Cutting your interest rates by a full percentage point or more might be worth it, Kantrowitz said. Refinancing student loans may also be worth considering if you have commercially held family federal education loans or older loans with higher fixed interest rates, Kantrowitz said.

Don’t forget to consider what your new monthly payment might be for refinanced loans. With the aid of online refund calculator can help you estimate the cost to determine if refinancing a student loan is a good idea. You can also find prequalified rates on the Credible website.

Student loan repayment: Refinancing can make it easier to pay off student loans and potentially save you money. The better your credit score and credit history, the lower the interest rates you may qualify for.

But there’s also a major downside to consider: you could lose federal student loan benefits.

Advantages of the federal loan: “Refinancing federal student loans into private student loans is not a good idea,” Kantrowitz said. This means that you would lose certain benefits, such as deferment and forfeiture periods, as well as income-contingent repayment plan options.


3. Research refund options

In addition to continuing to pay off your student loans and refinance, think about what else you can do to pay off your loans faster, including:

  • Contact your employer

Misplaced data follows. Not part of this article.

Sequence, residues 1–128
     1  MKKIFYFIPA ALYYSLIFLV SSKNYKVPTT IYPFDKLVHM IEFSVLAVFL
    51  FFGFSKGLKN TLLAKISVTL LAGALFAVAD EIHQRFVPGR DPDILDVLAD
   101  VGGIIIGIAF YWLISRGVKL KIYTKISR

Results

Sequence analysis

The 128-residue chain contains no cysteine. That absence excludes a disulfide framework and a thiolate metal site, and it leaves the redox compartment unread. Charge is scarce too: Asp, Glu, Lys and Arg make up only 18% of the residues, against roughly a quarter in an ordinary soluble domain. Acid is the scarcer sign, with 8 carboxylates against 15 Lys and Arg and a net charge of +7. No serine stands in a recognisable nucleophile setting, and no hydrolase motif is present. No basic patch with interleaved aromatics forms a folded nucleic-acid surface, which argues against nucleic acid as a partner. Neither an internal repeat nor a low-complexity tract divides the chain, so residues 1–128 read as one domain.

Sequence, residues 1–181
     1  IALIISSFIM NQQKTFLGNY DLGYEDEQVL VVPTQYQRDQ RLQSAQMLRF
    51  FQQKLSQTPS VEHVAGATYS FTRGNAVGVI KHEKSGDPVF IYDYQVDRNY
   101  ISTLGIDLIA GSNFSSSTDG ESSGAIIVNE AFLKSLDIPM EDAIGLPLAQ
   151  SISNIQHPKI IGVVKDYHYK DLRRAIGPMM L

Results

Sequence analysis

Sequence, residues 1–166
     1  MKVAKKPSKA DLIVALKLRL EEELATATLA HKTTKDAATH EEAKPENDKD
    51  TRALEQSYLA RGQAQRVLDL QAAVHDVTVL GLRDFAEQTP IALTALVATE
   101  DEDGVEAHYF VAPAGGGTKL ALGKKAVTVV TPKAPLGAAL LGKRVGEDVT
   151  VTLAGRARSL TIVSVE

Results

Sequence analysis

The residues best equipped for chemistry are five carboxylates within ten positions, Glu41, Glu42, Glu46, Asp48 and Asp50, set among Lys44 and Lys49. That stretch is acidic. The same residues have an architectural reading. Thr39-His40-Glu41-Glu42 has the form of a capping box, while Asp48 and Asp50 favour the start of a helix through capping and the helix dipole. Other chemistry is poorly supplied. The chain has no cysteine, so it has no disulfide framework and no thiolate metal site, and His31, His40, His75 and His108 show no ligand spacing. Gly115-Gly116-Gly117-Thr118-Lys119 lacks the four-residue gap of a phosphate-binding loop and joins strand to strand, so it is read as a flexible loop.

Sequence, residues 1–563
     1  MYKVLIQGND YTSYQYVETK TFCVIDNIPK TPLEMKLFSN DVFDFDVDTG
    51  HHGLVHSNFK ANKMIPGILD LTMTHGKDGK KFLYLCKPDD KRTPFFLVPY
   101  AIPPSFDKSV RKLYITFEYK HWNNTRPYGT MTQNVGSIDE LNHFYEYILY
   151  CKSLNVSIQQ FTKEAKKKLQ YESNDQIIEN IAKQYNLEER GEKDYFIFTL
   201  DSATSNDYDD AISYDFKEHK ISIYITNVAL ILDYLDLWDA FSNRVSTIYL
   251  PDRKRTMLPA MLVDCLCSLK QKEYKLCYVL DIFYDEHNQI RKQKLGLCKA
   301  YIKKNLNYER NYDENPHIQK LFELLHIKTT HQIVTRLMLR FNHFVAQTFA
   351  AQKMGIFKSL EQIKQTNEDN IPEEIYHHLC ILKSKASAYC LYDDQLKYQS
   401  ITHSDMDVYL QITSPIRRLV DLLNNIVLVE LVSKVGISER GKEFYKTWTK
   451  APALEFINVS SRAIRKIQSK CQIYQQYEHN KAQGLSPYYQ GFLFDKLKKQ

• Change repayment plan
  • Automatic payments

Contact your employer: You might want to check if your employer offers some type of student loan assistance, such as tuition reimbursement or student loan forgiveness. You may have education-related benefits that you are unaware of that could help pay off your student loan.

Change repayment plan: If you will continue to repay your federal loans after the repayment moratorium ends in 2021, ask yourself if your current repayment plan is the right one. If you followed an income-driven repayment plan, for example, switching to a standard repayment plan could help you pay off your loans in less time. This assumes, however, that you can afford a higher monthly payment.

Automatic payments: And don’t forget to take advantage of benefits that could save you money, such as a interest rate reduction to make automatic payments. If you’ve already enrolled in autopay for federal students, make sure you’re still enrolled after student loan relief ends to continue receiving the discount, Kantrowitz said.

Trump’s executive order is an opportunity to think about how you want to handle student loan repayments in the future. Making extra payments for your loans or refinancing your student loan can help you get the most out of the repayment moratorium.

Remember, however, that student loan relief only applies to federal borrowers. If you have private student loans, refinancing now while rates are low could help you save money. Consider using an online tool like Credible to compare student loan refinance rates from multiple lenders without affecting your credit score.



About Author

Comments are closed.